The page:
Convergence Exhibition 2020
Each year, we look forward to our annual Convergence exhibition that features the visual, digital, and performing arts created by students across Chicago. Due to Covid-19, our Convergence 2020 is a virtual exhibition. The projects are from the 2019-2020 school year which features a total of 40 student projects from across 24 Chicago Public Schools, which were completed during the pandemic.
Once on the site, you are able to explore the successes and challenges that our students, teachers, and teaching artists faced as they navigated the disruption caused by the COVID-19 pandemic.
This year’s Convergence exhibition featured work from classrooms at Newton Elementary, Daniel Boone Elementary, Lyman A. Budlong Elementary School, Mavin Camras Children’s Engineering School, Chicago High School for Agricultural Sciences, Durkin Park Elementary, Fort Dearborn Elementary School, Galileo Scholastic Academy of Math and Science, William C. Goudy Technology Academy, Alex Haley Academy, Patrick Henry Elementary School, Lake View High School, John B. Murphy Elementary, New Sullivan Fina and Performing Arts Magnet Cluster School, North-Grand High School, Louis Pasteur Elementary School, Ravenswood Elementary, Ray Graham Training Center High School, Southside Occupational Academy, STEM Magnet Academy, Doughlas Taylor Elementary School, Telpochcalli Elementary, Jacqueline B. Vaughn Occupational High School, and Daniel Hale Williams Preparatory School of Medicine.
Keep reading below for a sneak peek at one Convergence project. Check out how a 5th-grade classroom at Daniel Boone Elementary School explored how self-awareness affects our desires by taking a look at snakes and our perceptions of them. And be sure to scroll all the way to the bottom on what you can do to join us for a guided tour!
You can check out the virtual experience at our capeconvergence.com site.
Teaching in a Pandemic
Patterning Self-Awareness: Our Snake Skins
Last year, as students shifted from in-person learning to the virtual classroom, teacher Gustavo Soto’s 5th-grade classroom at Daniel Boone Elementary School explored snakes and our perceptions of them. As students reflected on how they have personally been misrepresented or misunderstood by others- and vice versa- they learned about the principles of design to create a symbolic language using basic lines and patterns. With these ideas in mind, the students were asked to consider something they wanted to shed like snakes shed skin, and what it is they wanted to focus on and communicate forward with a new skin.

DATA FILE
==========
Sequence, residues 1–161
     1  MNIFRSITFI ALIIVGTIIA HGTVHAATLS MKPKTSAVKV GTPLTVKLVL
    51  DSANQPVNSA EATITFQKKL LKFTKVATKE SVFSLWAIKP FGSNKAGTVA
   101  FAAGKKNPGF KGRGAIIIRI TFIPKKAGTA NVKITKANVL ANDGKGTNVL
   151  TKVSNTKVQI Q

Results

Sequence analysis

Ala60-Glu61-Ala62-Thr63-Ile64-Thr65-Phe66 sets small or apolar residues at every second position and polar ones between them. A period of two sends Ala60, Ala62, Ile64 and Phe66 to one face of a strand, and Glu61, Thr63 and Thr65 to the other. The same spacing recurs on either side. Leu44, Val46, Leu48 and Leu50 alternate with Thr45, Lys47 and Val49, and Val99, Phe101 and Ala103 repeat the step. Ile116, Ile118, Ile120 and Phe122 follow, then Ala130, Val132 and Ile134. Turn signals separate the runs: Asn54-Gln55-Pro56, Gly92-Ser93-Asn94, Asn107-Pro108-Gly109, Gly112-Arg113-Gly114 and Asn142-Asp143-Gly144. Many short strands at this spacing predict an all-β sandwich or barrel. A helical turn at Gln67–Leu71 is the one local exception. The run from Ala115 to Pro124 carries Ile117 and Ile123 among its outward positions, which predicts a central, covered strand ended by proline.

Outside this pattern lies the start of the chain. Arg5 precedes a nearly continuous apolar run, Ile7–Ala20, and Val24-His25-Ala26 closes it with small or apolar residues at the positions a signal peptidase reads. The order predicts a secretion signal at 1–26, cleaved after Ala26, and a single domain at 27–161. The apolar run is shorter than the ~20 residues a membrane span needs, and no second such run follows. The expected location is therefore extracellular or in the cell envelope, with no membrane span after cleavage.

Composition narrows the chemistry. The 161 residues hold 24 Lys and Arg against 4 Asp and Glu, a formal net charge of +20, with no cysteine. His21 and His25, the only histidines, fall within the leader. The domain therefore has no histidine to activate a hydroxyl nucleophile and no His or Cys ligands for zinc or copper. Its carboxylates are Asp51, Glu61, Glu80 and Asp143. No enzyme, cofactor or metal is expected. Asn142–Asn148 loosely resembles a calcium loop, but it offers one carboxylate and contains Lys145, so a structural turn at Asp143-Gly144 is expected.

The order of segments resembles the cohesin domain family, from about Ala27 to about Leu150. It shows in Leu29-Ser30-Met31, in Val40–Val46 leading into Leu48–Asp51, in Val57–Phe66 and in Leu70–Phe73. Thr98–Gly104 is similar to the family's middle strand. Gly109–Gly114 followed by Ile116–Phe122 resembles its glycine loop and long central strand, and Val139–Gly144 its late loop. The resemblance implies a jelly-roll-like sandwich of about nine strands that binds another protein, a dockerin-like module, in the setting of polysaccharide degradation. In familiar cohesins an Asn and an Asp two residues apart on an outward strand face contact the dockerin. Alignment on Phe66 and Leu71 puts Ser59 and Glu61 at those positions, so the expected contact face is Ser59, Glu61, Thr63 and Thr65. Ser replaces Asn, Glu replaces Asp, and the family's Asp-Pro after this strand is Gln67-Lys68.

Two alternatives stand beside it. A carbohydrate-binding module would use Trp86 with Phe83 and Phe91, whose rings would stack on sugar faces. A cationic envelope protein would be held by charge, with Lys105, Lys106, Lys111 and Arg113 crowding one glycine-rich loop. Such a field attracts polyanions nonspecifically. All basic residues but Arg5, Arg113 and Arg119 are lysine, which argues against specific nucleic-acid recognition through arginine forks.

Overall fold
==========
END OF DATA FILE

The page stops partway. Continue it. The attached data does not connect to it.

Early in the pandemic, we were unsure if our teaching artists would be able to join CPS virtual classrooms, so CAPE teaching artist Gwen Terry made a series of videos for students to watch on a weekly basis. Gwen also shared some videos about snake facts and myths and posed questions to encourage students to think more about snakes and themselves.
One student named Sukaina shared the following reflection from this project:
“I started by working on my positive stuff which is this mask that is going to show brave, strong, and caring. We are going to show all this by using lines. This long sheet of transparent paper shows the negative stuff about me and the lines show my anxiety, anger, and fear. This project has been different than any other projects we have ever done because I can relate to it and it’s not stressful at all. It’s fun because we get to express ourselves and let go of all our baggage.”
You can check out the full Boone Elementary virtual exhibition here.
Convergence E-Tours: Now Booking!
You can explore the full 40 student projects on your own or you can join us for a guided tour!
We’d love to welcome you and a group of your friends or colleagues for a quick tour of the show, including appearances by CAPE teachers and teaching artists who can further describe what their students accomplished just before and during the pandemic.
Contact firstname.lastname@example.org for details!
Before you go! Take a look at our Convergence 2019 in Review.
This program is partially supported by a grant from the Illinois Arts Council Agency.